Discover Bank has launched a fund to support startups working to improve people’s financial health.
The $36 million Discover Financial Health Improvement Fund will back companies aiming to help low- and moderate-income people, communities and small businesses in the mid-Atlantic region, according to a Tuesday (June 13) press release.
“As technology continues to evolve, we want to fund entrepreneurs who have identified creative ways to benefit those of modest means,” Matthew Parks, vice president of Discover Bank, said in the release. “It is our expectation that these technologies can both be profitable and beneficial to the community.”
Discover said it will work with the Financial Health Network on the fund to evaluate startups with the most potential to improve financial health.
The launch comes at a time when the financial health of even higher-income consumers is in question. PYMNTS research showed that as of late last year, 16% of these consumers were having trouble making ends meet, a 45% increase year over year.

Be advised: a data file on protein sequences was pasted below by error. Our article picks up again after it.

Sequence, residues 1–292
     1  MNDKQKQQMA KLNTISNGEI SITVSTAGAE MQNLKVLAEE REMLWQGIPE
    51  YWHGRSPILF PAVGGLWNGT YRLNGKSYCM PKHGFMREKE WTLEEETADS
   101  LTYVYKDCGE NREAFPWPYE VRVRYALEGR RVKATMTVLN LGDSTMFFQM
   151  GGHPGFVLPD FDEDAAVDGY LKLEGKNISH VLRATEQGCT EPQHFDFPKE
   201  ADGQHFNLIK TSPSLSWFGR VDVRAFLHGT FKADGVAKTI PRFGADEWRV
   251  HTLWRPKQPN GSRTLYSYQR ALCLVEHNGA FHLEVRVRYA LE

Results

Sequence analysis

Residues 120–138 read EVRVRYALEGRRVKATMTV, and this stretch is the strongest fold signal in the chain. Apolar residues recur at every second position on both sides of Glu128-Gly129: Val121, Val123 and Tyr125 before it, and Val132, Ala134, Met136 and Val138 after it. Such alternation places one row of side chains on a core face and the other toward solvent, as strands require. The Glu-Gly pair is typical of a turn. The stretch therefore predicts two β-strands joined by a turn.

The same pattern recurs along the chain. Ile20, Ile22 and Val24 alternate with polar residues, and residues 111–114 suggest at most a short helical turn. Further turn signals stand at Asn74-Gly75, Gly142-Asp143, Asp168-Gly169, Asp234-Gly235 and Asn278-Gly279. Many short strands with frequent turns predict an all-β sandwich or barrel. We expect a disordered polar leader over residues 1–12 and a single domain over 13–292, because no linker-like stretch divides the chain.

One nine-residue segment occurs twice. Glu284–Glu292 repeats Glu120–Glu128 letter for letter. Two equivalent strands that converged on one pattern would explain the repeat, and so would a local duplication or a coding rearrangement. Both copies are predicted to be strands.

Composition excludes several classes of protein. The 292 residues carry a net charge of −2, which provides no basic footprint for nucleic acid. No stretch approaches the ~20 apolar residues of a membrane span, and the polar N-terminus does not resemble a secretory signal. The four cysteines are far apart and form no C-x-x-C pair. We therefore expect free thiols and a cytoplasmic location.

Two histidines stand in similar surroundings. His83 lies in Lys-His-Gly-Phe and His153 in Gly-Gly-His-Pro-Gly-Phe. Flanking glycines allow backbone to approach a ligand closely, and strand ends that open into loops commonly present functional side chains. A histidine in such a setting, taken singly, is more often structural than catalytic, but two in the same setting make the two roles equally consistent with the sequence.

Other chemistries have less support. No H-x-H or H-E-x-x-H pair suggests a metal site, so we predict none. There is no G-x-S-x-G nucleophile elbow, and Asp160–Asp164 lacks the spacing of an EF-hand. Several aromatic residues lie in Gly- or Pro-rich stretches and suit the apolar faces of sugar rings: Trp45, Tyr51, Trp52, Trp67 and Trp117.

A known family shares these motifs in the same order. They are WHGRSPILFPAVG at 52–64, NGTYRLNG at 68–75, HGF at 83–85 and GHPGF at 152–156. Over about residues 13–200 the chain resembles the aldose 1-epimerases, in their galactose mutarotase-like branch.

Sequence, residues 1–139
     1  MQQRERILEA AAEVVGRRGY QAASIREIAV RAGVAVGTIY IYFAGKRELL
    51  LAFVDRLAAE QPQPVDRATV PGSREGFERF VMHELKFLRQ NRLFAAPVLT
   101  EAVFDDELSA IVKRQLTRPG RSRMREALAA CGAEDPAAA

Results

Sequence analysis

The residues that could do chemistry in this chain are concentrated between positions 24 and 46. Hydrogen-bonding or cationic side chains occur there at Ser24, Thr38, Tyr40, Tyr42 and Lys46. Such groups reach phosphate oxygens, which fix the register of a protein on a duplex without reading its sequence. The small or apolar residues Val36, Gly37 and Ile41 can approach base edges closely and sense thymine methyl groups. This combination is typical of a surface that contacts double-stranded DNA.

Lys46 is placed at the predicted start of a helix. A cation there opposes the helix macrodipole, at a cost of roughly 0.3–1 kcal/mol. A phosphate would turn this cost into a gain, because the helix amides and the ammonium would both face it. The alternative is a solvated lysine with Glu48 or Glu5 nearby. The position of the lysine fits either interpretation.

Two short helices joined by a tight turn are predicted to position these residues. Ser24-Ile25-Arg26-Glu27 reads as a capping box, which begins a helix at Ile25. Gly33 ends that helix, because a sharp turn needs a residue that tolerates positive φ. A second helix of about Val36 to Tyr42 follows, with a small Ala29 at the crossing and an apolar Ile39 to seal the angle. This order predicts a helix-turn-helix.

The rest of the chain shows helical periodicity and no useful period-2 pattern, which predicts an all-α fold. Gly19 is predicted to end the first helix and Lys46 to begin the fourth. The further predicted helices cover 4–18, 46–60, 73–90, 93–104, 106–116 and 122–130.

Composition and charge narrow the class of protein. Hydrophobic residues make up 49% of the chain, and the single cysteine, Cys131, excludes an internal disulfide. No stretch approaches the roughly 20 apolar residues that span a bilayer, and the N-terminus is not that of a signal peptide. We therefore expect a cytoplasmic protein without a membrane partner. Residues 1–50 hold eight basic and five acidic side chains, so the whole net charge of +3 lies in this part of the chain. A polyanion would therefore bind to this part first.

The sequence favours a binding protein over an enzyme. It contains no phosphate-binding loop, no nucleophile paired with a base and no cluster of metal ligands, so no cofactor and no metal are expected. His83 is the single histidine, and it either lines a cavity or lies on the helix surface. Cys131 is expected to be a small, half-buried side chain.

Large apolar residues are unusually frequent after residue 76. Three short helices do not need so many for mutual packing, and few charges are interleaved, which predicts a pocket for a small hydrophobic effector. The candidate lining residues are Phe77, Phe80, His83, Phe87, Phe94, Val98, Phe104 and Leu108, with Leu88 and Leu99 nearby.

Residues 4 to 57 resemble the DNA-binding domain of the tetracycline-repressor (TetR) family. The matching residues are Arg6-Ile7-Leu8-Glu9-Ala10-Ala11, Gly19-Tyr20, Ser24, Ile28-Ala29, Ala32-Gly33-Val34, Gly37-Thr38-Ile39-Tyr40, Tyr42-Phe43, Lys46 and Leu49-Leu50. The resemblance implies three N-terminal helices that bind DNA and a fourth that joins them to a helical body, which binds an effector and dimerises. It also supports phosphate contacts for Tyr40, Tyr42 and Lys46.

More recently, PYMNTS research found that 48% of high-income households live paycheck to paycheck, a situation fueled by medical bills, student debt, high discretionary spending and other variables. For people living paycheck to paycheck, any unexpected expense, even a minor one, can push their households into debt as they struggle to make ends meet.
“Record inflation and a high cost of living have made many American households less financially secure than ever, according to a recent survey,” PYMNTS reported Tuesday. “Currently, 58% of Americans live paycheck to paycheck. Another 70% report feeling financial stress, including insecurity about a lack of savings and concerns about credit card debt or job security.”
The financial health of small businesses is also under strain. PYMNTS research showed that just 25% of these enterprises have more than 60 days of cash to cover an emergency, while 17% of companies said that they had no cash cushion at all.
“These businesses depend on large-ticket spending from end consumers and are seasonal — and are certainly brick-and-mortar, which means that operating costs are high too,” PYMNTS wrote. “As to where they’re getting the funds? PYMNTS data revealed that roughly a third of them are tapping into personal credit cards — only about 17% are getting funding from banks.”